When You Pass a Homeless Person, Do You Ignore Them?
When You Pass a Homeless Person , Do You Ignore Them?
[Image] A man sitting on the ground next to a wall, looking toward the reader, while blurred silhouettes of people walk by. A sign saying “Spare Change” is in his lap.
[Caption] When you pass a homeless person, do you ignore them?
[Image] A man standing and looking at the reader. His clothes are dirty and torn. His knees are bleeding. He is holding a rotting sandwich in one hand.
[Caption] I grew up poor. I wore dirty old clothes. I ate food from dumpsters. At times I was homeless. I was exposed to crime.
[Image] The man, shrunk down, in front of an open box with his arms out in a defensive motion. Two persons, shown from the waist down, much larger than the man, face him. They are holding a hammer that says “Shame” on the head and a broom that says “filth” in the bristles.
[Caption] The way I was treated taught me to be ashamed of my existence.
[Image] A man, well-dressed, stands in line at a coffeeshop. The barista looks bored. The man looks nervous.
[Caption] This will be ok. I just gotta fake being ‘normal’, middle class and well-adjusted… no one will find out.
[Image] The man is at the counter talking to the bored barista. The man still looks nervous.
[Caption] I’ve grown to be scared of social interactions. So to be “normal” I learned to rehearse them.
Barista: Can I help you?
[Caption] It’s exhausting. I struggle against an overwhelming feeling of worthlessness. I know I’m not worthless. But knowing isn’t believing. This is the legacy of my childhood, my homelessness.
[Image] The man leaning against the wall, will “spare change in his lap”. But this time the man is blurred out, in a silhoueette and the passers by are detailed and highlighted.
[Caption] So when you pass a homeless person, don’t ignore them. Ignoring is an attempt to annihilate their very existence, and can have a greater effect than you can imagine.
This is me. Standing in line at Starbucks, I mentally rehearse my order and try to predict the small talk that will inevitably accompany it. Through my nervousness and fear, I force myself to smile, to make eye contact, to avoid mumbling. I try to uphold the momentum of the exchange. On particularly bad days I just freeze, having forgotten everything – from what to say to what I want to order, despite the fact that I order the same thing day after day. It’s exhausting, awkward, and almost always embarrassing. I struggle to fake being “normal” and “well-adjusted”.
I grew up well below the poverty line. At times I was homeless. I ate food from dumpsters. I wore clothes that seemed forever to be damp, dirty, and reeking of filth. I was exposed to crime and addiction. I found myself alternately ignored and actively punished for my station in life. My nine-year-old self equated the punishment with responsibility and fault. I was taught, by classmates, parents, adults, teachers and strangers that I was deserving of both that life and their dismissive and often spiteful treatment. The alienation and dehumanization I experienced as a boy taught me that I wasn’t worth happiness, respect, charity, or friendship.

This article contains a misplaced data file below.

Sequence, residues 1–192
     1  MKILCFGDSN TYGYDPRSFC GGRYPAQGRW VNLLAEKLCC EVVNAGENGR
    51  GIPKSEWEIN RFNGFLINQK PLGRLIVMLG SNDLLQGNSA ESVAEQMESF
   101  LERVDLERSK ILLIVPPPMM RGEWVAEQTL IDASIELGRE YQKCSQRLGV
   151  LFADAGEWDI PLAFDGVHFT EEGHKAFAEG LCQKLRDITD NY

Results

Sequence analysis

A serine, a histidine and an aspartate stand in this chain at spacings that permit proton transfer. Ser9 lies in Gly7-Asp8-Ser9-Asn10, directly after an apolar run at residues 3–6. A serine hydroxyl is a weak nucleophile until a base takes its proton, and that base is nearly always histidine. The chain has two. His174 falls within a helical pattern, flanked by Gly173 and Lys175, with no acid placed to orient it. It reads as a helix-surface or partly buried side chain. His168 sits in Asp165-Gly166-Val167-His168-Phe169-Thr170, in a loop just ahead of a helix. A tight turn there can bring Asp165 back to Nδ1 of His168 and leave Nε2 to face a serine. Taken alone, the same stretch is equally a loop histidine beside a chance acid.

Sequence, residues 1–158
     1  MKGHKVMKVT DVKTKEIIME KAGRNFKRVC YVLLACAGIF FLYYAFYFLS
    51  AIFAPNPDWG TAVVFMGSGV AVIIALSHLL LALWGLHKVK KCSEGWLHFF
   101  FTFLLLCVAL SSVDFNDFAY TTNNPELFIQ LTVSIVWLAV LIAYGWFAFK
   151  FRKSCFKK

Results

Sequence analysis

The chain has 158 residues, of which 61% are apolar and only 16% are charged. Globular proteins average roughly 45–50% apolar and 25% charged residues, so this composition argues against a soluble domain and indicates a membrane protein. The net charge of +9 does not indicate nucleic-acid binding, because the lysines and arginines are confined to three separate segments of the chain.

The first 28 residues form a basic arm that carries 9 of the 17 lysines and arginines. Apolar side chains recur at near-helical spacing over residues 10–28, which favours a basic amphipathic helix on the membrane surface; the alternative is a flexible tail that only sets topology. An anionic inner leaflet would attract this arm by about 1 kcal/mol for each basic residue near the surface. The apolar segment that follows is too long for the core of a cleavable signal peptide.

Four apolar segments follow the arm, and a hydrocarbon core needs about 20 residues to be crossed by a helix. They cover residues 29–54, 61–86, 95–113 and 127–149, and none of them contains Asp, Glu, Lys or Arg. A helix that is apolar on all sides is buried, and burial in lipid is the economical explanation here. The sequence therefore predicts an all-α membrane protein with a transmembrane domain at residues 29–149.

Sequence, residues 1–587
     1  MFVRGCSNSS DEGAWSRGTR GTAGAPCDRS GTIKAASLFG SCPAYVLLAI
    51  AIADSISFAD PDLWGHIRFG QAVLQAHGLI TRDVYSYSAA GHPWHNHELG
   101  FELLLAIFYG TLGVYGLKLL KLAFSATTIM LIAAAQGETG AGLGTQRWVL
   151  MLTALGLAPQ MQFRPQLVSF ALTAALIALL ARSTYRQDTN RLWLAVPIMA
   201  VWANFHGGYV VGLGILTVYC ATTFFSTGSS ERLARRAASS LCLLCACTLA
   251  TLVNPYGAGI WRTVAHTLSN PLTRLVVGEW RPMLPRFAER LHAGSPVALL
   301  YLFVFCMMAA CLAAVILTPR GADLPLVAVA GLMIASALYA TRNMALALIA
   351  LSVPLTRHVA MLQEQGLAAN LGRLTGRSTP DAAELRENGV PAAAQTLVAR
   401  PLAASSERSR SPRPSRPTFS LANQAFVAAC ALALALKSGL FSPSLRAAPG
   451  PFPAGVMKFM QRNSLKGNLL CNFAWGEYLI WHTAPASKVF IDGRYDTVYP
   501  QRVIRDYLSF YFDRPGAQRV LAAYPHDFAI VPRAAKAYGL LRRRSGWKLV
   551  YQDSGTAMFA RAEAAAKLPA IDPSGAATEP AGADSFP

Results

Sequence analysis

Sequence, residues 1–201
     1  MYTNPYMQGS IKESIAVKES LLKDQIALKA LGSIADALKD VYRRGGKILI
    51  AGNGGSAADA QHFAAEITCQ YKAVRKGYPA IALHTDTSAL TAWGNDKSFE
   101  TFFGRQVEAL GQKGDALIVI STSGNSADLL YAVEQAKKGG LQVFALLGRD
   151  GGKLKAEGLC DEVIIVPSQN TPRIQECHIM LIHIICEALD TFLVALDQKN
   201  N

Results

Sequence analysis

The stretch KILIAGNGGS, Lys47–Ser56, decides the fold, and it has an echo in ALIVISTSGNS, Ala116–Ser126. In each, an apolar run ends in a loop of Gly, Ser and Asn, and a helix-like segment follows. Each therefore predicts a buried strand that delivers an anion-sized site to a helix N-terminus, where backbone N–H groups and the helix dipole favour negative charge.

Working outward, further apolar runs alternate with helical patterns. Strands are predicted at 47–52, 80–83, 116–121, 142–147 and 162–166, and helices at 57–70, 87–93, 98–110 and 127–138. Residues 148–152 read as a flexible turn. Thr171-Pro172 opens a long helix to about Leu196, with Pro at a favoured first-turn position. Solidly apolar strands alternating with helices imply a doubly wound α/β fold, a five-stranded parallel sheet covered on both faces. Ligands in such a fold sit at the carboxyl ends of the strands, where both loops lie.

I believed it was simply the way I was: I was born this way, to live this life.
I learned that it was safer not to interact with others. I learned to distrust other people and their attention. Then distrust became fear. I socialized infrequently and with only the few people I believed I could trust. I therefore never got the practice, never built up social skills that come naturally to most people. That lack of practice, that fear of other people, and an overwhelming sense of my own worthlessness – things beyond my control – would direct the course of my life as a boy and young adult. It remains to this day the strongest influence on my life. I try, in my better moments, to divorce myself from the belief that this is who I am and what I deserve, but knowing that this is not true is not the same as believing it isn’t. I still live with the legacy of my childhood. I will forever struggle against my fear of other people, my low self-esteem, my anxieties and other aftereffects of my homelessness.
This is me, but it isn’t just me. Others shared that life with me, including my younger sisters. Some are experiencing something similar now, and more will come to experience it in the years to come. None of them chose, or will choose, that life, and none of them will walk away from that trauma unscarred.
It’s no secret that poverty, homelessness, and addiction can cause a person great harm. Yet society, on every level, still reinforces the harm and disadvantages of poverty and addiction by so thoroughly stigmatizing and marginalizing them. Fighting against this starts with the simple act of acknowledgement. When you pass a homeless person on the street, don’t ignore them. That is, essentially, an attempt to annihilate their very existence. Instead, look them in the eyes, say “hello,” spare some change if you can, and say “sorry” if you can’t.
Because, as it stands, this society gives up on, ignores, or actively antagonizes these people.
Because, at its worst, it (we) can teach a nine-year-old boy to be ashamed of his own existence.